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I have always been interested in how people learn and how I can use that knowledge to be a more effective teacher. This past summer I read the book, Make it Stick, by Mark McDaniel and Peter Brown, which describes current mind and brain research and how it can be leveraged to improve learning. As I was reading the book, a fellow teacher recommended a video by Christine Harrington entitled, “Dynamic Lecturing.” Like the book, the video focused on applying mind and brain research to create more effective instruction.

Examining my own teaching, I discovered that while I did many of the recommended practices, I did not engage with them as frequently as recommended. I decided to adjust my approach to address an area highlighted by both resources: the importance of daily retrieval practice opportunities for students.

Increasing retrieval practice

The idea behind retrieval practice is that increasing students’ opportunities to “generate” or retrieve information strengthens their retention of that information. In her video, Dr. Harrington recommends that teachers build such opportunities into their instruction every 15 to 20 minutes. Evaluating my teaching practice, I found that I did provide students with opportunities to practice, but not as frequently as recommended. I decided to increase the frequency of these opportunities, and also to add new ways to get students to practice with the concepts we were investigating.

One technique that was already part of my approach was occasionally starting class with a “problem of the day.” When the students enter, I have a problem posted that either relates to something we talked about previously or that we are about to discuss, or that they have had previous exposure to (see Figure 1 for examples). Students are given five minutes to work individually on the problem (with no help from their notes or friends). At the end of this period, they can submit their responses or, if desired, take them home and submit them the next day. If they choose to take them home, they make a line on their paper and then complete any additional work below the line to delineate the work done in class and at home.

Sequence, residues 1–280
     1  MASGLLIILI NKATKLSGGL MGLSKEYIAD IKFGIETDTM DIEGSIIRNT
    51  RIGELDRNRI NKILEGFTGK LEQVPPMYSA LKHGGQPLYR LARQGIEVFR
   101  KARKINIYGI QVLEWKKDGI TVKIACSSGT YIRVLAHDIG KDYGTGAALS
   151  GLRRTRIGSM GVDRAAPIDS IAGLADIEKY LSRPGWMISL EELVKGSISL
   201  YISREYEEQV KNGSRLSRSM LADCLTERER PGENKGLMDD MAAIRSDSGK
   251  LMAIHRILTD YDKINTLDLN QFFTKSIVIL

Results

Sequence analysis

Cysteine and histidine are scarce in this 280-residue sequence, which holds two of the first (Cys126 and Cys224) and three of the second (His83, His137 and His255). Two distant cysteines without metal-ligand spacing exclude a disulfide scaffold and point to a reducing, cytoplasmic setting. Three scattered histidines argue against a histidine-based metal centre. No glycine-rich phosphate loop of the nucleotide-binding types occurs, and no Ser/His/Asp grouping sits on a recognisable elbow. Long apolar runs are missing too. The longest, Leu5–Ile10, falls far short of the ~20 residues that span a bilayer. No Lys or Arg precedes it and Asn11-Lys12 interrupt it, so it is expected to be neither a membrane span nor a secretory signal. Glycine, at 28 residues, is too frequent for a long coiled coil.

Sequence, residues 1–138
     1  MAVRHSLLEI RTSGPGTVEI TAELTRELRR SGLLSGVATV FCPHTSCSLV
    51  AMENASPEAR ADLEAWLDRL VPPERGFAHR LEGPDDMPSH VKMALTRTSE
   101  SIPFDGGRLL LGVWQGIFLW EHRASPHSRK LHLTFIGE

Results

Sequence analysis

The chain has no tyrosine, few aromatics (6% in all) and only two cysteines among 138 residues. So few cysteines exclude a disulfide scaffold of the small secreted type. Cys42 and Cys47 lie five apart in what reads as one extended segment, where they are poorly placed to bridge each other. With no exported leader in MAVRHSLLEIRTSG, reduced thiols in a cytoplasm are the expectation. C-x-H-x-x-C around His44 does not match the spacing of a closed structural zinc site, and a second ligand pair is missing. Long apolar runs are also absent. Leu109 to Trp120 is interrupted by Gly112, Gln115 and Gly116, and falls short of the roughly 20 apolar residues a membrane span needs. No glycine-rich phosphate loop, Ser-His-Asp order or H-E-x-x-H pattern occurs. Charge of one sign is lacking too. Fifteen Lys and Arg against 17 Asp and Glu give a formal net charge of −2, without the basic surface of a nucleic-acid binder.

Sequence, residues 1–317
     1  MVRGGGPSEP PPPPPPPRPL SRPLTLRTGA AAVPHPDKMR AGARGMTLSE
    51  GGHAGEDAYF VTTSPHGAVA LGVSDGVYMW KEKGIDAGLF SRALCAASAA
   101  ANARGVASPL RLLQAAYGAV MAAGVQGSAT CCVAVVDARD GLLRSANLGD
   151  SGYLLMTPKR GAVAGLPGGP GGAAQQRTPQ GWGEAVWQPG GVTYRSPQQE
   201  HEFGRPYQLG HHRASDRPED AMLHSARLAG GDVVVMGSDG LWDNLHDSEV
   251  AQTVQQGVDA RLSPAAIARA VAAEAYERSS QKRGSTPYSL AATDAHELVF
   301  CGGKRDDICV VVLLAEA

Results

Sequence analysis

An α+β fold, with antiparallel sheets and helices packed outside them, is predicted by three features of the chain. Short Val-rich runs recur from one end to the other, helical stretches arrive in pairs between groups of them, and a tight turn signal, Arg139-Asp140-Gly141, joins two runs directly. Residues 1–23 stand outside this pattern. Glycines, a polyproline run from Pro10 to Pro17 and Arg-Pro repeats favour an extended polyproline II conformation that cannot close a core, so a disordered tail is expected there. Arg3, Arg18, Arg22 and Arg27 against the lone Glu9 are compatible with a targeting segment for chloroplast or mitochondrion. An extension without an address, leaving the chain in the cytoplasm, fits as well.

While I do not review the problems in class, I collect and provide brief individual feedback to students for each problem. This year, I made the commitment to start all non-lab or assessment classes with a “problem of the day,” so it could become a near-daily experience for students. While it is quite time-consuming to collect and provide feedback each day, I have found it very valuable in my instructional planning. Not only does it give me an insight into the daily mastery level of the class as a whole, but it also allows me to identify individual students who need more assistance to develop their understanding.

Figure 1. Examples of Problems of the Day for multiple levels of chemistry classes.
Voting Stick

A second example of retrieval practice that I was already doing was periodically pausing to pose multiple choice questions to the class (see Figure 2 for examples). In order to make sure everyone engages with the question (and gets the benefit of the practice), I use “voting sticks” made out of popsicle sticks, construction paper and laminating paper. After a minute or so of reflection, and a countdown of “3, 2, 1, vote!,” students simultaneously “vote” for an answer. The different answers are color-coded, so I can quickly scan the room and see if the class is converging on the correct answer. If not, I ask them to share their thinking with a neighbor and then we have a re-vote. Usually this results in the class coalescing on the correct response. If not, we pause and revisit the concepts. Like the problem of the day, before this year I only occasionally used the voting sticks. I now use them or the new approaches outlined below once or twice in each class.

Figure 2. Examples of multiple choice questions for use in different levels of chemistry classes .